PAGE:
However, the subject is still open for debate. In the second postscript to his forward in the same issue of HTR, Brown University’s Leo Depuydt writes, “All this still leaves me personally 100% convinced that the Wife of Jesus Fragment is a forgery.”
When King announced the discovery of the fragment in 2012, she clearly stated that the text implied that some early Christian populations believed that Jesus had a wife—not that Jesus was, in fact, married. Even still, if the papyrus is legitimate, it holds implications for the status of women in early Christianity, as well as the tradition of a celibate priesthood. As soon as the papyrus was announced, the story spread like wildfire in the popular media, and myriad scholarly responses swiftly followed soon after. While King had consulted a small cohort of eminent scholars who defended the fragment’s authenticity, others were quick to declare it a forgery.
Just when the debate regarding the authenticity of the “Gospel of Jesus’ Wife” reached a fevered pitch, it was silenced. The Harvard Theological Review pulled King’s article, and Smithsonian suspended the airing of a documentary about the papyrus. HTR announced that the fragment would undergo testing, though the lack of specific information frustrated interested scholars and journalists.
The “Gospel of Jesus’ Wife” is back in the April 2014 issue of Harvard Theological Review. HTR gives the papyrus fragment considerable treatment beyond Karen L. King’s critical presentation of the papyrus; the issue includes a paleographic analysis by Malcolm Choat, a chemical ink analysis by James T. Yardley and Alexis Hagadorn, microspectroscopy results by Joseph M. Azzarelli, John B. Goods and Timothy M. Swager, spectrometry radiocarbon analyses by Gregory Hodgins and Noreen Tuross, a condemnation as a forgery by Leo Depuydt, and, finally, a response by Karen L. King.
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While carbon-14 tests did not provide reliable dates (initial tests placed the fragment before the birth of Jesus, and secondary testing provided dates in the 8th century C.E.), King suggests that the carbon dating, in conjunction with analysis of the carbon “lamp black” pigments, “supports the conclusion that the papyrus and ink of GJW are ancient.” According to paleographer Malcolm Choat, the “handwriting and the manner in which it has been written do not provide definitive grounds for proving” that the fragment is a forgery. The only dissenting view published in the Harvard Theological Review is voiced by Leo Depuydt (though many others have been voiced in other—especially online—publications. See more below.), who sees “grammatical blunders” in the text that suggest that it is “entirely a patchwork of words and phrases from the Gospel of Thomas.”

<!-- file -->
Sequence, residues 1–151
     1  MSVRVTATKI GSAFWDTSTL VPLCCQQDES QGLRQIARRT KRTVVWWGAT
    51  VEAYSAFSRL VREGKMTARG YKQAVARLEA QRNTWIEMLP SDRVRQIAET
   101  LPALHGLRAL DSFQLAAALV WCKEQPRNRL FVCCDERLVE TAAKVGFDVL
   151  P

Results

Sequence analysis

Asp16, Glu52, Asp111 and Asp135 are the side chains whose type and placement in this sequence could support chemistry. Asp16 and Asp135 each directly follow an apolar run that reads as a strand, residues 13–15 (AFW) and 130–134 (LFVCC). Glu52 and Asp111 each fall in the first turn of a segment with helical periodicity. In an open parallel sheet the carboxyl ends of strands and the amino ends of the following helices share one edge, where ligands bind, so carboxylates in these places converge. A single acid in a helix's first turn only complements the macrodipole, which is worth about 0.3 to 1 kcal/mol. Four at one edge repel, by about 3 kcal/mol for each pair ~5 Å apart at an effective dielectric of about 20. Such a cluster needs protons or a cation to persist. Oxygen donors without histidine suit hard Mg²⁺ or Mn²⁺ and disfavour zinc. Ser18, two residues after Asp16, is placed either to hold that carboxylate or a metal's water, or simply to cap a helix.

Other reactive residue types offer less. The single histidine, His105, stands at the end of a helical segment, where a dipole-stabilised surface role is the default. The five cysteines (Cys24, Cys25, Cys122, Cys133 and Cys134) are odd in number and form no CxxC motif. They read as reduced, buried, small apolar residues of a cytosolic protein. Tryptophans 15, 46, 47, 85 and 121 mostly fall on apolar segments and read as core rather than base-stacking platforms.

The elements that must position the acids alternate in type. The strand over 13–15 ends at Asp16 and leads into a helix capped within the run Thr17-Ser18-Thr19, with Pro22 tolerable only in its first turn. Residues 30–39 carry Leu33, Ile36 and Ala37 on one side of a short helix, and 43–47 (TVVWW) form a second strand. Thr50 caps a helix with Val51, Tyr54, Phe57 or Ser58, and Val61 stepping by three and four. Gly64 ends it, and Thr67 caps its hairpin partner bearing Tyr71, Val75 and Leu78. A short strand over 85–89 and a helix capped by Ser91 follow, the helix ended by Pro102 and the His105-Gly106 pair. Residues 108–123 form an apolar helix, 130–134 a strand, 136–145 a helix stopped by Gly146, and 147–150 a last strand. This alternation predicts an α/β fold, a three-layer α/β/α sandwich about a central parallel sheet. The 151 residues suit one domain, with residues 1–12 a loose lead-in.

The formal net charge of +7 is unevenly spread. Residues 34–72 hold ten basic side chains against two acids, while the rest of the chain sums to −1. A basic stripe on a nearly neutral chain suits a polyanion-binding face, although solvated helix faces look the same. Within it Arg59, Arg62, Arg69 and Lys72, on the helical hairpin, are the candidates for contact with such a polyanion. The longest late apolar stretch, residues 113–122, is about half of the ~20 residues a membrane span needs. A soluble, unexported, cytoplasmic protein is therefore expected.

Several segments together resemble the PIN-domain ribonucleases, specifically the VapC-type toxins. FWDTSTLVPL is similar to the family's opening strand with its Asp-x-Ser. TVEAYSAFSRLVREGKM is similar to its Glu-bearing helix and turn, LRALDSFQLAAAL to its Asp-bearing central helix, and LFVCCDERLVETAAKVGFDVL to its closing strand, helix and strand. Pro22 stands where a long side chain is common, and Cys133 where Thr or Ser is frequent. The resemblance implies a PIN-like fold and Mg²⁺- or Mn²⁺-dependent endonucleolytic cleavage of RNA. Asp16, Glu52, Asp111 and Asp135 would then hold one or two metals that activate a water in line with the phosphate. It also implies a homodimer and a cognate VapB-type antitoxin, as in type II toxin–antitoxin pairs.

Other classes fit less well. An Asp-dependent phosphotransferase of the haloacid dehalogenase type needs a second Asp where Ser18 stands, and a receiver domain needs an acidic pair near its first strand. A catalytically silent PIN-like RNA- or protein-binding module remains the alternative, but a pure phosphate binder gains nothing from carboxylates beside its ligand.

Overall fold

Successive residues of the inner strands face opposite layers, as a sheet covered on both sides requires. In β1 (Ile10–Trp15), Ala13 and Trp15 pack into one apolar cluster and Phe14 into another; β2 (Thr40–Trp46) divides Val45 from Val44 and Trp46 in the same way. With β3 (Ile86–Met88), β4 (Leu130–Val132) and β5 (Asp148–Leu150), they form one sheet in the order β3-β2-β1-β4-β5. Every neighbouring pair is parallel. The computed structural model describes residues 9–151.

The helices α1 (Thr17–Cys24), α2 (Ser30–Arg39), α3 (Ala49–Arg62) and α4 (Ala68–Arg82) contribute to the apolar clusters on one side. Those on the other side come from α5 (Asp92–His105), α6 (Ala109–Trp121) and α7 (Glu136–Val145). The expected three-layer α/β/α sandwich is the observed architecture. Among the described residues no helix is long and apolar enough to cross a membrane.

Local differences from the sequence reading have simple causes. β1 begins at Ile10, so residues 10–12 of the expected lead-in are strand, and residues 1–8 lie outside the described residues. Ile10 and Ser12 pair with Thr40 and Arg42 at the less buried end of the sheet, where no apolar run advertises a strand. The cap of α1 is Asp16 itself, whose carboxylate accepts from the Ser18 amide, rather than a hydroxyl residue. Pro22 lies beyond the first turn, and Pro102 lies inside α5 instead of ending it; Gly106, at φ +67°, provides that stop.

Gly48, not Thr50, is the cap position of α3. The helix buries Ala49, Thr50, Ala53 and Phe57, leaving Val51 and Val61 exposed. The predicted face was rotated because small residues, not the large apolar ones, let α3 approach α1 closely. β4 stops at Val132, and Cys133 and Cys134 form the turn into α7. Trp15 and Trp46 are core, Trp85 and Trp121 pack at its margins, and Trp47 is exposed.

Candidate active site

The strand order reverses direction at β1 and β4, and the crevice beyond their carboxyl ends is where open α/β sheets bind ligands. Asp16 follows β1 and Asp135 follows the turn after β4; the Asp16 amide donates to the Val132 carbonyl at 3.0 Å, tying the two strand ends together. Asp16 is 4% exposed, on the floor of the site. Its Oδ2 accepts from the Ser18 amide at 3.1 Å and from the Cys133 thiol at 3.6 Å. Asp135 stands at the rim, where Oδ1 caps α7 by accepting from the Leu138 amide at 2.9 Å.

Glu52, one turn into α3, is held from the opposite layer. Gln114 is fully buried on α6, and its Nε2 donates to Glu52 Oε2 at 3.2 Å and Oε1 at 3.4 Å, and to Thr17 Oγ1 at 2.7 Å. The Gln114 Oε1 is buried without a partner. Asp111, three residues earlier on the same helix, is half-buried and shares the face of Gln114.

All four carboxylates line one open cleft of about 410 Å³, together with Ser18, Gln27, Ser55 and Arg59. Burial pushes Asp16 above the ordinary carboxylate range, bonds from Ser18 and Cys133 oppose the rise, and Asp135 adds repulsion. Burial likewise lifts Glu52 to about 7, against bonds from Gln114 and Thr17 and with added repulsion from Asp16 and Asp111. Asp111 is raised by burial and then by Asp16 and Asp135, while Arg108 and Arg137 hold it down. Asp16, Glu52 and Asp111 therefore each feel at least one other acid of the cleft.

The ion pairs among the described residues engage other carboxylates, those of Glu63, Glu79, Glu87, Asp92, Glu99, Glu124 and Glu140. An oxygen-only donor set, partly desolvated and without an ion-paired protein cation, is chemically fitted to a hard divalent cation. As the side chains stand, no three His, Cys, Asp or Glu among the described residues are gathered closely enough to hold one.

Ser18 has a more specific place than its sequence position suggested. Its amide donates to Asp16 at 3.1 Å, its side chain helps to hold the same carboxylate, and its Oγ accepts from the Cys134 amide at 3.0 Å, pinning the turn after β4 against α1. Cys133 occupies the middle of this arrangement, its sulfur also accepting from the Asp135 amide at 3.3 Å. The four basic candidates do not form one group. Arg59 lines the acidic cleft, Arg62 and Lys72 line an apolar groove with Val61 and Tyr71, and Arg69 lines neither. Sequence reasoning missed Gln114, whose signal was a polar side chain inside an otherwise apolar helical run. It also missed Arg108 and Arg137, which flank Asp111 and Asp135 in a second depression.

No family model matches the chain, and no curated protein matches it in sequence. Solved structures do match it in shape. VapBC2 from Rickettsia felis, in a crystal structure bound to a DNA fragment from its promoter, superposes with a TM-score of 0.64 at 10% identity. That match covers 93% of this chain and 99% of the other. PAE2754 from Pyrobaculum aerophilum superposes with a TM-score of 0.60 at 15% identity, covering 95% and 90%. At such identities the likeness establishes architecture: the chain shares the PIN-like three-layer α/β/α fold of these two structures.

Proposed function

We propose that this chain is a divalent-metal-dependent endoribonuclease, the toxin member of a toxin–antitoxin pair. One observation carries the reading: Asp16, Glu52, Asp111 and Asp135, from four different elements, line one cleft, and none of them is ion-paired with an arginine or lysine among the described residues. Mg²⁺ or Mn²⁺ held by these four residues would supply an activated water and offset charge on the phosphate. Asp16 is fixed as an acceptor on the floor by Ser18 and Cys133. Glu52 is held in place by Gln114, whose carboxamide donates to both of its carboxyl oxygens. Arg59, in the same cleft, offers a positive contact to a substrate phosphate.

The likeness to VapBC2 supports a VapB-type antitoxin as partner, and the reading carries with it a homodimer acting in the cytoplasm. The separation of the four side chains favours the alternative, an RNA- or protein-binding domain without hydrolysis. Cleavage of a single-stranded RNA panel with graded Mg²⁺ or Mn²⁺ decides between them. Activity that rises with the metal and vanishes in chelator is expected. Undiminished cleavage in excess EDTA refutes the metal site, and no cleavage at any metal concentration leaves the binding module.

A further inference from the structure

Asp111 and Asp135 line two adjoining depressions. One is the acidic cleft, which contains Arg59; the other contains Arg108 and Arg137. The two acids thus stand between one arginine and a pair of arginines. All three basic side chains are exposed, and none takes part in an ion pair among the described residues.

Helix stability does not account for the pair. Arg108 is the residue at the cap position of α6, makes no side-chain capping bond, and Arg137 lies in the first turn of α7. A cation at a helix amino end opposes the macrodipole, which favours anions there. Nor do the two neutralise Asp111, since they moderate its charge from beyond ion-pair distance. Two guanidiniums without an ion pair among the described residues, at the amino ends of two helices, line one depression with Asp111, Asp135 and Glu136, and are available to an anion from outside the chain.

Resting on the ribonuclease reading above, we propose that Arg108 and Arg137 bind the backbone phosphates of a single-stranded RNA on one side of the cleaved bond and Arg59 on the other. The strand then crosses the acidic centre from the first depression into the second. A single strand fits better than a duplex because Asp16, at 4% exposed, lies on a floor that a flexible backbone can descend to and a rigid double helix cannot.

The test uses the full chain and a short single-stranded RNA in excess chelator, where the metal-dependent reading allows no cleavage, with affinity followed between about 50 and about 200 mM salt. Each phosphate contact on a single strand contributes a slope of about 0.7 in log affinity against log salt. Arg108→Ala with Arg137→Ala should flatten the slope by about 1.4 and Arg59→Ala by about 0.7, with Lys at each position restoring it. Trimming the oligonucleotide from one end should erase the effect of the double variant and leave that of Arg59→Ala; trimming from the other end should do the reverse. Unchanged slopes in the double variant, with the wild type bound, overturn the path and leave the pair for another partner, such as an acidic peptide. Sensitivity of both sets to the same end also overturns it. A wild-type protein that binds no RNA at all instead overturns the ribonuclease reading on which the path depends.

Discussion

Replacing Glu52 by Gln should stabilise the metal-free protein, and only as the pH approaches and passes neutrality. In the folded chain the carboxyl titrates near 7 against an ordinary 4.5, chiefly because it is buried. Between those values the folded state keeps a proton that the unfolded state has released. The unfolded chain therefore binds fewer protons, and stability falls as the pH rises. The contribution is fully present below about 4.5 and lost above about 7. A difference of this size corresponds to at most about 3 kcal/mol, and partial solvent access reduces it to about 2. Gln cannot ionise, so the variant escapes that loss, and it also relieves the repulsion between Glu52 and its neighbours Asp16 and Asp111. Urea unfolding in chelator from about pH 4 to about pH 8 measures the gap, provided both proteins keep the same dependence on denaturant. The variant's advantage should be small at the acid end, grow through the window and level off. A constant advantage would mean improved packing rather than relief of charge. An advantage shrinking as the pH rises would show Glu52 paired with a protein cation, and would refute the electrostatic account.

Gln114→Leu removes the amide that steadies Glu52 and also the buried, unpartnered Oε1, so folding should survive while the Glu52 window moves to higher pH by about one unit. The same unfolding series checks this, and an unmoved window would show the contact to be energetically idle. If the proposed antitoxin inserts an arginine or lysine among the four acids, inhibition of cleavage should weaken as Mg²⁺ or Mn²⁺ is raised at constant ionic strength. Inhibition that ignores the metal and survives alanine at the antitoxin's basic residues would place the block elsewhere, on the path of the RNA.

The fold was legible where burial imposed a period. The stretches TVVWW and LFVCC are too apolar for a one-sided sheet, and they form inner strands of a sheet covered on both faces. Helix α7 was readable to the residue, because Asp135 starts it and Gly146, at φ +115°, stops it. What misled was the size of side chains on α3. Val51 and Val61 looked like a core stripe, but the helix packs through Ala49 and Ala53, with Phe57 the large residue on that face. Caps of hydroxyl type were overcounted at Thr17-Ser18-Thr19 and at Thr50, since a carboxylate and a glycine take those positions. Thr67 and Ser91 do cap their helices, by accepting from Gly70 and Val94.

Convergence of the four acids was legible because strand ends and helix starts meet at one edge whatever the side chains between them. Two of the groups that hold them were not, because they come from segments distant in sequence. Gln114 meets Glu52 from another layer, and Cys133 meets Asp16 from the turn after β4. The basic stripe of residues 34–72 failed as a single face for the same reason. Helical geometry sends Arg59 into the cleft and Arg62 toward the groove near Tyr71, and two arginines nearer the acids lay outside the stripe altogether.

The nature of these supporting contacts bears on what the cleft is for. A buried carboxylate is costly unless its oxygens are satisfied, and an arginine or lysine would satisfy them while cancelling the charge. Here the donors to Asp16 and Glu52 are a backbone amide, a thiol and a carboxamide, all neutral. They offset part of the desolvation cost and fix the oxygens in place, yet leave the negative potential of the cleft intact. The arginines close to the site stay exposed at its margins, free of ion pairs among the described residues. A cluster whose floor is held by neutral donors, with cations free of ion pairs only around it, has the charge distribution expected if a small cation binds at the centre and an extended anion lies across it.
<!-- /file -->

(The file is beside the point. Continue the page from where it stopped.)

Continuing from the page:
Karen L. King discussed the papyrus fragment, the recent scientific testing and the implications of such a new “gospel” with WGBH News:
Since the publication of the “Gospel of Jesus’ Wife” in the latest issue of Harvard Theological Review, many scholars have published their responses online. University of Notre Dame scholar Candida Moss eloquently summarizes the debate, suggesting that while the popular media has been quick to call the papyrus authentic, the debatable date of the ink has left the “scholarly community [...] less enthusiastic about the discovery.”
New Testament scholar Larry Hurtado supplied his initial thoughts and further observations, and highlights from his commentary have been noted by Bob Cargill. Christopher Rollston has discussed the ink, forgery and epigraphy, and James Tabor has provided a series of links contextualizing the backstory. The NT Blog, written by Duke University’s Mark Goodacre, has been my primary source for finding scholarly reactions to the HTR publications, and I recommend that our readers continue to visit Goodacre’s blog for the latest updates on the “Gospel of Jesus’ Wife.” Within the NT Blog, I want to point out two important dissenting papers regarding the authenticity of the fragment, posted as pdf files: Leo Depuydt’s response to Karen King’s response as well as an additional critical response by Durham’s Francis Watson.
In addition to the wide range of responses by Biblical scholars, I also want to direct readers to an interesting piece of investigative journalism by LiveScience’s Owen Jarus, who delves into the matter of King’s source for the papyrus, raising questions about the fragment’s purchase in East German Potsdam over fifty years ago.
The rapid-fire web publications on the “Gospel of Jesus’ Wife” range from resourceful to fingerpointing, and Paleojudaica’s Jim Davila reminds readers that while he is “still quite skeptical that the Gospel of Jesus’ Wife is an ancient artifact, King has made a real effort to keep the tone high and the skeptics should do the same.”
There have surely been other online articles written about the papyrus not mentioned in this article. I apologize to any esteemed commentators that I missed in this post, but it is hard to keep up with such a large discussion. In fact, the blog-based scholarly reactions to the HTR publication have been so varied and complex that they themselves have been analyzed as a prime example of new media in academic discussion (see Norwegian School of Theology’s Liv Ingeborg Lied’s post here).
We at Bible History Daily look forward to the continuing discussion online, as well as Hershel Shanks’s First Person in the January/February 2014 issue of Biblical Archaeology Review.
For more in Bible History Daily, see A “Gospel of Jesus’ Wife” on a Coptic Papyrus and Hershel Shanks’s Is the Harvard Theological Review a Coward or Did Dr. Karen King Do Something Wrong?